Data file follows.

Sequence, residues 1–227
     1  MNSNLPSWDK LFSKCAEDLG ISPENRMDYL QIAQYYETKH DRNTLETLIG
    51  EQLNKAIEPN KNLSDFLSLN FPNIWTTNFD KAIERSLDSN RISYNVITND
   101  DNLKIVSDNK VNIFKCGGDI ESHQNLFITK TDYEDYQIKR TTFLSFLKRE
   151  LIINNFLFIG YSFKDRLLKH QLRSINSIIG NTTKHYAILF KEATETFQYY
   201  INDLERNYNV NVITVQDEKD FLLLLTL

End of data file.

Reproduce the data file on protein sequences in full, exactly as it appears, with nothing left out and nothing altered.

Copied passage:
Sequence, residues 1–227
     1  MNSNLPSWDK LFSKCAEDLG ISPENRMDYL QIAQYYETKH DRNTLETLIG
    51  EQLNKAIEPN KNLSDFLSLN FPNIWTTNFD KAIERSLDSN RISYNVITND
   101  DNLKIVSDNK VNIFKCGGDI ESHQNLFITK TDYEDYQIKR TTFLSFLKRE
   151  LIINNFLFIG YSFKDRLLKH QLRSINSIIG NTTKHYAILF KEATETFQYY
   201  INDLERNYNV NVITVQDEKD FLLLLTL